On the up side of neurological disorders... my unique brain issues leave me predisposed to hyper focusing on things. Which basically means that I obsess about things that catch my interest. I'm good at designing and writing software mostly because I did little else for the 3-5 years I was learning about it. It was both my day job and what I did and thought about when I went home at night. Should be an advantage in this pursuit as well. I feel like I'm doing something wrong if a day goes by and I haven't done some work on my guitar. It's one of the first things I think of when I wake up, and one of the last things I think of as I fall asleep.
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  #70  
Old 07-08-2013, 10:09 PM
Viking Viking is offline
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Constructed the dust hood for the drum sander. The whole contraption is ugly as heck, but it'll do it's job.

If this gig goes anywhere in the future(some years into the future), I'll probably purchase commercially produced equipment that looks a bit more professional. I'd love to have a house with a bit of property around it so that I can build a detached shop with all the bells and whistles. Integrated dust collection, climate control, the works. But that'll be years into the future.

So next is to begin working on the dust collection piece itself. I'm going to the scrap yard tomorrow to see if they've got any electric motors that will suffice. While I'm there, I'll also try to find a motor for the sander as well. And heck, if they've got them, one for my band saw too. It's only got a half horse motor. Resawing would be a lot easier with a larger motor.

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  #71  
Old 07-09-2013, 06:02 AM
KingCavalier KingCavalier is offline
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I like the way you build with what looks like whatever you have laying around.
It's like okay...this one should work..yep that's it.

Love it!

Scott
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  #72  
Old 07-09-2013, 06:14 AM
redir redir is offline
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Just paint it and it won't look ugly. Drum sander is an excellent machine to have in the shop, or outside... that's where I make most of my dust
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  #73  
Old 07-09-2013, 05:48 PM
Viking Viking is offline
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Originally Posted by KingCavalier View Post
I like the way you build with what looks like whatever you have laying around.
It's like okay...this one should work..yep that's it.

Love it!

Scott
Yeah, that's pretty much exactly how this has been going. I figure, why spend money on something if there is something at hand that will do the job! AND, it's the socially responsible thing to do, right? ... Right? That's totally why I'm doing it this way.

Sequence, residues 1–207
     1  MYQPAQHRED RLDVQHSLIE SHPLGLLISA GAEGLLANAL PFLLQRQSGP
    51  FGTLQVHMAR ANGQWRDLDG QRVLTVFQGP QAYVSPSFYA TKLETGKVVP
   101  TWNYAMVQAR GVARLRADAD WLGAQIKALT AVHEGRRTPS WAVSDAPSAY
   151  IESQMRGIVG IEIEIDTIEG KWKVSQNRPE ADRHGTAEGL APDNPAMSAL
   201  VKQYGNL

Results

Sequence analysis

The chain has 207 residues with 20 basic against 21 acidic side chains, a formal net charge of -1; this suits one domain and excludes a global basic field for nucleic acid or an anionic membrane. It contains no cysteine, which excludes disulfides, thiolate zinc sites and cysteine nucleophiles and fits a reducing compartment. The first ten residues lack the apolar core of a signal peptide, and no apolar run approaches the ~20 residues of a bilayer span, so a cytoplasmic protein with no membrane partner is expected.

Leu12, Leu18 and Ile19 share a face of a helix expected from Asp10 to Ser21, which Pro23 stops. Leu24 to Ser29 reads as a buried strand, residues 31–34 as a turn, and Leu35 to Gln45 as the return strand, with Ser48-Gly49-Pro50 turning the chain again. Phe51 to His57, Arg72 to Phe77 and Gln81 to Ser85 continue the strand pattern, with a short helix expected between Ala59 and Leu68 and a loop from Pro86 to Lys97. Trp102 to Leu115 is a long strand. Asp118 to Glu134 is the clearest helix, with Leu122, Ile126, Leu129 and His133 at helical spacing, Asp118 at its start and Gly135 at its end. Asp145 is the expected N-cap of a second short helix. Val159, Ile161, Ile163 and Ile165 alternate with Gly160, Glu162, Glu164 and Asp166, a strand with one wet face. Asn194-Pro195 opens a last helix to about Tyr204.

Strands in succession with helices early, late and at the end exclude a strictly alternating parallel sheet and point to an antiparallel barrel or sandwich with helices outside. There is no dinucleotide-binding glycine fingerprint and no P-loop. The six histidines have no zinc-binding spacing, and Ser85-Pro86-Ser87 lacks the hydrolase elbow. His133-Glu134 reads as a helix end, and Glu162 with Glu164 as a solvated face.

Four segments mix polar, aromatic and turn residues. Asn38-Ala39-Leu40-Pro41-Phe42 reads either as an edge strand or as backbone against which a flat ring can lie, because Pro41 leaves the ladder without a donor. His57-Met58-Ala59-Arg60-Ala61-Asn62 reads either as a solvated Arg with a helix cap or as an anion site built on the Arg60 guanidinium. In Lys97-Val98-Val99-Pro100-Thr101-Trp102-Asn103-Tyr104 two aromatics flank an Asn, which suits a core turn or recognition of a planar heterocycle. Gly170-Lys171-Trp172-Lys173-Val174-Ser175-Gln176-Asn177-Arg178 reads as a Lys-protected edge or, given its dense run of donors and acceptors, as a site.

The hood is 2 parts left over ply wood, 2 parts 1X3 that has been collecting dust in my back yard, and 2 parts thin particle board from a hollow core door someone threw away in the dumpster in the alley behind my house.

EDIT: Also, there's a good bit of spit and bailing wire involved. And I'm sure duct tape and my pocket knife will be required before it's all said and done.

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Just paint it and it won't look ugly. Drum sander is an excellent machine to have in the shop, or outside... that's where I make most of my dust
Makes sense. Even if I had room inside my house for a workshop, I'm not sure I'd want to have the dust generating activities done in the house. We've got a good bit of auto immune disease and allergies in my family, and don't need another allergen floating around the house.
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Last edited by Viking; 07-09-2013 at 07:03 PM.
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  #74  
Old 07-09-2013, 07:04 PM
kennyk kennyk is offline
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Looking good! can't wait to see some more...
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  #75  
Old 07-09-2013, 07:24 PM
BradHall BradHall is online now
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Nick,
A source for a surprising supply of hardwoods to use in your shop is old pallets. Although many companies re-use them, once broken they are tossed. I used to source a lot of 1" thick oak planks for furniture projects as a young man. Some beautiful stuff under the rough surfaces. One other thing. Please think about making some kind of a guard for the belt and pulley. Old bicycle chain guard? Something to keep your hands and clothing out of the machinery, no matter how humble. Good luck.